The sun vanished into the clouds of smoke. The twilight , overshadowed by the flaming shacks, submerged into the orange sky. They started to run. The screams began later. First, they started to run. The guns thudding against their backs as they ran. They carried sticks and flaming torches in their hands. The air smelt red.
She had waited all afternoon. He came in when she was watching the birds fly home at twilight. From her balcony, she could see the sun vanishing into the grey clouds of rain. Below she could hear the noises of the city . He came in and called out to her. She went in, leaving the twilight to the birds. He was waiting for her.
The cars and vans began to arrive. Sirens split the air. They were waiting. They were ready. The policemen descended on the waiting farmers. The screams began then. Like a sea of white, uniformed men with guns, sticks and swords, roared into battle. Like the barren brown earth, disheveled villagers with scythes, sticks and pistols, began the fight.
The grass caught fire from the flaming torches. The shouts interrupted the gunfire. A bullet found its mark. Blood pumped out into the lack pond. The evening stood witness to the spilt blood as it coloured the water red. It failed to clot.
The dark red colour of the wine reminded her of the dying roses. He handed her the glass. He looked at her while she spoke of inconsequent things. He banged down his glass on the table to achieve silence. The glass broke spilling the wine on to the carpet. The stain resembled blood clotting. She started to clean it up but he didn’t let her. His hand, like a claw, grasped her arm. His fingers cutting into her flesh. He refused to give her the comfort of domesticity. They stood face to face. His chlorominted breath hitting her face. Her bewildered eyes looking into his. He asked, “ Scared?”.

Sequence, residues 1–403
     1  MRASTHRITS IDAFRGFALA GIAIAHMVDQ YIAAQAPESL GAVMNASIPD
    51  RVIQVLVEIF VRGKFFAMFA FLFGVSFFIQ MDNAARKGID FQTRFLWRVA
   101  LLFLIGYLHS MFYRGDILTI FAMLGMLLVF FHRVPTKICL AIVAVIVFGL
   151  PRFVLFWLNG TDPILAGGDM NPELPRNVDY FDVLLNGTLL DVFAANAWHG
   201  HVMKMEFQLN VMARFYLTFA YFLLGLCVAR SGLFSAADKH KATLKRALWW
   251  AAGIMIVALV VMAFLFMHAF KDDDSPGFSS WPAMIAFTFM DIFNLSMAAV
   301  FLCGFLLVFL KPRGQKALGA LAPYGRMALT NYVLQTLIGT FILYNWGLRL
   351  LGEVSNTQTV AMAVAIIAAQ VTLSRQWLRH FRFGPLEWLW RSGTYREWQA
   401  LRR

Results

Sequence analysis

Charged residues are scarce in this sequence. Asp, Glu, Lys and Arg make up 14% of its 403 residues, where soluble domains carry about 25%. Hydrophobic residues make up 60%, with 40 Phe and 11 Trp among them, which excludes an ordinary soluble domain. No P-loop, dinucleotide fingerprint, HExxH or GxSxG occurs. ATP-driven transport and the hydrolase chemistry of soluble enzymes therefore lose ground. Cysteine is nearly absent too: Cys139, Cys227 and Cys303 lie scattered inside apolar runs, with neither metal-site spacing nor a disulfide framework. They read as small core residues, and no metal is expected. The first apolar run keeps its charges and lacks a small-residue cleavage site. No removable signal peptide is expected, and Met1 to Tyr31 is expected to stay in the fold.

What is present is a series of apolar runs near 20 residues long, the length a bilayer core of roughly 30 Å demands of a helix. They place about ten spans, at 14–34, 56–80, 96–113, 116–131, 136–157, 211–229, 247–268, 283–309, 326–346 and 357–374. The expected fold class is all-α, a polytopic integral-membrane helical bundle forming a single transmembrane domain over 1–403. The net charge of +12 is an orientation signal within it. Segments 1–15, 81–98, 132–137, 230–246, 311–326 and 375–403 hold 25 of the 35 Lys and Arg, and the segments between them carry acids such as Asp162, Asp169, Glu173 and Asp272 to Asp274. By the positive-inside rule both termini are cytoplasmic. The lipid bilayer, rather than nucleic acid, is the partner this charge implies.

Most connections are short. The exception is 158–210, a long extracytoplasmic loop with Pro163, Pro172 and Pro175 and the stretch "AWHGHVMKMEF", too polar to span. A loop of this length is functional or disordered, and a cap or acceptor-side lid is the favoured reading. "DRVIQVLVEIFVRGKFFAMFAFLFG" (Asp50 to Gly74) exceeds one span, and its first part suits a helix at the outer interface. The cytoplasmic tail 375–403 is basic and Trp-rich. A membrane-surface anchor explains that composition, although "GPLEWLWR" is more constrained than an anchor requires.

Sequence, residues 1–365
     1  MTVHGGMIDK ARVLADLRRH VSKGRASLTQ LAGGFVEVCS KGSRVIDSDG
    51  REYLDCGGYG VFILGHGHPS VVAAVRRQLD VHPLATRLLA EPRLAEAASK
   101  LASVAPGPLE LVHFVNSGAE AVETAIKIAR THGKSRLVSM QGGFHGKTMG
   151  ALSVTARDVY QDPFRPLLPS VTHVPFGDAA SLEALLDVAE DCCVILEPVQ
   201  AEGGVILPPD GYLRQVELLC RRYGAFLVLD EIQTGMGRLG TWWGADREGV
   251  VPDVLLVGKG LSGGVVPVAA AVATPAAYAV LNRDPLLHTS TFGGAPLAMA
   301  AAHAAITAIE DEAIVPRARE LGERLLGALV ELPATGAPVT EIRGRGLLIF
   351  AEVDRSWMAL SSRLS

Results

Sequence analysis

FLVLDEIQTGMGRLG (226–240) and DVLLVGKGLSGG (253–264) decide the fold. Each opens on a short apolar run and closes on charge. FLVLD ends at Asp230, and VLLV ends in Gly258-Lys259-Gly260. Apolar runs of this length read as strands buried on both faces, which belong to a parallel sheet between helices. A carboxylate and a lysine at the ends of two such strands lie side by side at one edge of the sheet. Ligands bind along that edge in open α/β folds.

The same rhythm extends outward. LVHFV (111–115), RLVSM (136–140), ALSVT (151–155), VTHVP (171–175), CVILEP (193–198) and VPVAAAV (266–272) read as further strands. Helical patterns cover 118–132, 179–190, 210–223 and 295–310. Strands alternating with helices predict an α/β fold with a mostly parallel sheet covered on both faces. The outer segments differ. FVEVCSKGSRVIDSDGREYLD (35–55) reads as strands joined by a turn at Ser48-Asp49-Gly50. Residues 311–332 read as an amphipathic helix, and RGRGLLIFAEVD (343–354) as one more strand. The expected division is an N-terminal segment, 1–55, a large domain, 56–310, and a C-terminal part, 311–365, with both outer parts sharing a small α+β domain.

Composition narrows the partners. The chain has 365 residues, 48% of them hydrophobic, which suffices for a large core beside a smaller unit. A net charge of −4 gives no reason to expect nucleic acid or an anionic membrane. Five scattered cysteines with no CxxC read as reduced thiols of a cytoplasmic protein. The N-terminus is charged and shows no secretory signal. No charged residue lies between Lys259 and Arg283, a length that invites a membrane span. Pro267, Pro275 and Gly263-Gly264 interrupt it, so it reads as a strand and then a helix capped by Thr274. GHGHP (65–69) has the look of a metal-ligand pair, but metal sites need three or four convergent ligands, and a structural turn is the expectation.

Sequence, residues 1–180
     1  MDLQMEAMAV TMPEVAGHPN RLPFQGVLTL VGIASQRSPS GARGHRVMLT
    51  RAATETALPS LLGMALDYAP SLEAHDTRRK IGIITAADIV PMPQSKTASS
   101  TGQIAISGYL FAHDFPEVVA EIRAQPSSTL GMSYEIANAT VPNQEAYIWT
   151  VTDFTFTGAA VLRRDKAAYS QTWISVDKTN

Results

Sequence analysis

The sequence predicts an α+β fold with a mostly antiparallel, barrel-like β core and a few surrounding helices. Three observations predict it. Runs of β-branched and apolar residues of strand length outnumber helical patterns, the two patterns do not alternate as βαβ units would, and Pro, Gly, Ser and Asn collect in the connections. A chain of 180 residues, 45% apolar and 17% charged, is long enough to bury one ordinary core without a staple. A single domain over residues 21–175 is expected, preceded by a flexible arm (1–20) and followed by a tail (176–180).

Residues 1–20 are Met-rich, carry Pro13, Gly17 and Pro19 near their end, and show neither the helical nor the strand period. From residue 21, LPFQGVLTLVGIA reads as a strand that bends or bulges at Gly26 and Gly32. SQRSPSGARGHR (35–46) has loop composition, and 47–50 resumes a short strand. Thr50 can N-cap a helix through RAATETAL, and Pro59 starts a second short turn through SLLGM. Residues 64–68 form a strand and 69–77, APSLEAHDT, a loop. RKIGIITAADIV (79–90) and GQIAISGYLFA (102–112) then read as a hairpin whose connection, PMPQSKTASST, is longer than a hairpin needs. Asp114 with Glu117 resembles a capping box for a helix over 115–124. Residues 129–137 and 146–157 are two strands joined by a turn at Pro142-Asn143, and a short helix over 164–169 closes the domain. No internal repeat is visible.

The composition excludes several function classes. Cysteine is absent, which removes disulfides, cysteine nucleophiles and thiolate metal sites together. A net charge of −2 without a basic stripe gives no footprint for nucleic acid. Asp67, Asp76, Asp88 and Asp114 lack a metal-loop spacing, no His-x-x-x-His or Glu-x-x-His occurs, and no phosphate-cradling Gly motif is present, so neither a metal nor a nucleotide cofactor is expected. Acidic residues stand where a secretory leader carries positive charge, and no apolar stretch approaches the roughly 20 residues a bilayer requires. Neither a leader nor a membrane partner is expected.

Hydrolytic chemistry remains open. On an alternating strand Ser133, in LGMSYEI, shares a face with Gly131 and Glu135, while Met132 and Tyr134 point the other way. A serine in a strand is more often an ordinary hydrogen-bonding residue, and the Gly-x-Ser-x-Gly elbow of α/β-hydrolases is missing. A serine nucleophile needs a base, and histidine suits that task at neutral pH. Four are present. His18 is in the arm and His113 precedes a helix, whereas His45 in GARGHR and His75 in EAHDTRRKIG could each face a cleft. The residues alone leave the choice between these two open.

He stood face to face now. Yards away from a uniformed man. Their guns pointing at each other. He thought of killing his enemy. But his hands shook. They failed to pull the trigger. He was just twenty.
Thoughts did not hold back the other. His hands didn’t shake. Duty pulled the trigger. The bullet froze time as his body rose in air, defying gravity, for moments. He heard silence before he died. The moment unfroze as the limp , lifeless body fell to the parched earth.
Duty moves swiftly. He heard no silence. His ears were almost deaf from the blood curdling screams of the living and the dying.
It started to rain. The sky heaving with sorrow and grief. She was sitting on the couch, shaking. He kneeled at her feet. His tears scared her. They were full of anger. They held no grief. He asked her about him. He coaxed, cajoled and cried. She was as still as a stone statue. She sat concentrating on the rain. She watched the drops falling on the window sill. The tears suddenly dried up. He shook her. He slapped her infuriating face. His hot anger made him shout. He screamed as he threw the lamp she had once bought. The flickering bulb spelt an end. The shards of a broken lamp finally made her cry.
It was almost empty now. The screams muffled to a whisper. Bodies with bullet holes littered the burnt grass. Ponds full of dead blood. The uniforms climbed back into their cars and vans. The sirens retreated in victory. They left behind loss. The stench of death and fear coloured the air. The flaming torches blown out. The night was darkly black broken only by the orange flames at a distance. Was it the funeral pyre for communism?
They carried blood on their boots as they strode back to their vans and cars.
Her silence denied nothing. Her silence admitted nothing. She hardly moved. He couldn’t bear it. He had to know.
The cold metal of the gun felt comfortable against his burning skin. He aimed it at her. At her belly swollen with life. Her cold eyes matched the cold steel of his gun. “ Do it”, her voice calmly ordered. He did. The first shot killed the child.
Her mouth opened in surprise and pain. The words escaped her mouth but her voice remained behind. Her silent scream hung in mid-air. The second bullet found her heart.
The warm blood dripped on the carpet, beside the wine stains. She almost laughed as she died.
He watched it in slow motion. He suddenly heard the rain. He wiped the gun and put it back into her purse. He picked up the wine bottle, closed the door with a click.
The rain washed away the blood on his boots.